Despite their varied experiences in the workforce, all of the temporary workers agreed that the onset of the COVID-19 pandemic made their working conditions immeasurably worse.
From Bad to Worse: COVID Complicates Low-Wage Jobs
Rickey Thompson, a member of the Mississippi House of Representatives, went back to work at a long-term-care facility in the northern part of the state when the Mississippi Legislature ended its session early after a suggestion from state health officer Dr. Thomas Dobbs.
“It was a struggle for me,” Thompson acknowledged, saying that the facility provided its staff—which Thompson noted was largely composed of young Black females who were “doing what they had to do”—with a single mask for the entire week. He partially blames this institutional neglect for the fact that he and his wife both contracted COVID later that same year.
Although other panelists agreed that much of the reason for hazardous working conditions during the pandemic was the failure of businesses to protect their employees, many of them said that their customers disobeyed city- and state-wide mask ordinances.
“They closed everything (in Greenville) but Walmart, Lowe’s and the golf course,” remarked Rebecca Miles, who works at the city’s public golf course. These closures did not prevent most of the golfers from coming to the course without masks, and Miles’ pleas for the management to enforce masking mandates fell on deaf ears.
Eventually, Miles and Thomas, whose employers at the former Broadway Linens had failed to provide masks and to enforce social-distancing restrictions among its employees, stood on the steps of Greenville City Hall, demanding protections from the city. Eventually, the city responded by initiating a city-wide mask mandate, which Hill says is owed to the women’s persistence.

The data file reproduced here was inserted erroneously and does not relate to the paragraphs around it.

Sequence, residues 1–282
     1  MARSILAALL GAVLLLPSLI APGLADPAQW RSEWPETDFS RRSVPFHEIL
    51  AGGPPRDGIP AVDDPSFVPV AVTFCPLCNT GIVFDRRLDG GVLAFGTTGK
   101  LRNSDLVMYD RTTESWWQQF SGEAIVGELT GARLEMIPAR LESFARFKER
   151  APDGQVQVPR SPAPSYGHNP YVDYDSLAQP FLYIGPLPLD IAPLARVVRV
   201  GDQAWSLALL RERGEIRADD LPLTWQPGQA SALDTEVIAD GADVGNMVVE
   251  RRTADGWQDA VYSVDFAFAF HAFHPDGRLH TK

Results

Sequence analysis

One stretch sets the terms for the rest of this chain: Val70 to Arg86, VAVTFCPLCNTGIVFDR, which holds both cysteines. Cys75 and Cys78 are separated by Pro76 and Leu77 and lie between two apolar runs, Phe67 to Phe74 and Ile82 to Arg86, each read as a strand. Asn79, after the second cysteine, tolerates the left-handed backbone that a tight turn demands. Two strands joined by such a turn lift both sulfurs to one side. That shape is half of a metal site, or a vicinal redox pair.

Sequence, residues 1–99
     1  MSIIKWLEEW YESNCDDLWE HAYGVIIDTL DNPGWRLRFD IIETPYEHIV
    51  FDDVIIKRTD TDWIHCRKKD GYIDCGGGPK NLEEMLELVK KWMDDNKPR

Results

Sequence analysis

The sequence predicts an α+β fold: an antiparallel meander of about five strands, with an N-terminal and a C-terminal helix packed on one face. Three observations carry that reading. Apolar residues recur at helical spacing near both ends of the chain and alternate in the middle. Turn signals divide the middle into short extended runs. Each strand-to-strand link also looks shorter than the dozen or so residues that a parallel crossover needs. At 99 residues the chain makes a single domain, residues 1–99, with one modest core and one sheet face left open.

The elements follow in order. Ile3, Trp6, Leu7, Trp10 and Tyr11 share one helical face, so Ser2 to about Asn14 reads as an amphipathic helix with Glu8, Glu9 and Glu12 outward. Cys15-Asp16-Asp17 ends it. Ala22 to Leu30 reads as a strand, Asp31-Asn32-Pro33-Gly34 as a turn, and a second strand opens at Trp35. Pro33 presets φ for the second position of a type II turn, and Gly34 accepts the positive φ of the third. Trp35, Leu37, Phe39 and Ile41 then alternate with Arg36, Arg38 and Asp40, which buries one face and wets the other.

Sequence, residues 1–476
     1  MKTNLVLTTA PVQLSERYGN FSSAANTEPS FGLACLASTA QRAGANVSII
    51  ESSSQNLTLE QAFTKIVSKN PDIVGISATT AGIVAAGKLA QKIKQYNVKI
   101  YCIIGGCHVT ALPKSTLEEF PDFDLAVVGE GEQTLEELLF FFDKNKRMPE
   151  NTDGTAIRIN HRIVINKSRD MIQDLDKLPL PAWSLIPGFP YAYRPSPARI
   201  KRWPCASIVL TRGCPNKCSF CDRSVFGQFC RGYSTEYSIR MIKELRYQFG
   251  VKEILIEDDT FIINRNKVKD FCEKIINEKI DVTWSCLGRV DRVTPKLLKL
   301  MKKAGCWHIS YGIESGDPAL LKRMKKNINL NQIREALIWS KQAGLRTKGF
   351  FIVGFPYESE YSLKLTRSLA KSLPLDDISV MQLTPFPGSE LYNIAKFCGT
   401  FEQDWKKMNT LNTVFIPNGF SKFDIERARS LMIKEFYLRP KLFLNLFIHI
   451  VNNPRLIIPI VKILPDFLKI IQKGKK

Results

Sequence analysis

‘We Have to Hold Them Accountable’
The panelists concluded the summit by lauding Miles’ and Thomas’ determination to instigate change in their Delta town, saying that temporary workers were their own best (and often only) advocates in the face of workplace injustice.
“These companies should be held accountable,” Washington said. “But we have to hold them accountable.”
Sander echoed her sentiment, citing the many times he had to approach Monroe Tufline’s administration in order to receive more equitable treatment and pay. “You gotta know your own worth,” he said before leaving the Zoom call to return to work at the same plant that, four years on, is still reluctant to accept his non-temporary status.
Others, though, insist that much of the best work of advocacy can be done from the outside, a safe distance away from the industries that often stand idly by as 5,000 workers a year die on the job. Nita Carter agrees with that assessment, as she left the Shoney’s that maimed her hand and sought a degree in social work from Mississippi Valley State University.
“Now, I stand in the gap for workers who are injured and for justice and for rights,” Carter said.
Those who are interested in guaranteeing additional rights for workers and protections in workplaces across the state can reach out to the Mississippi Workers’ Center for Human Rights by visiting (LINK) https://www.msworkrights.org/get-involved. The program’s next summit is slated for Dec. 9-11, 2021, though no location has yet been determined.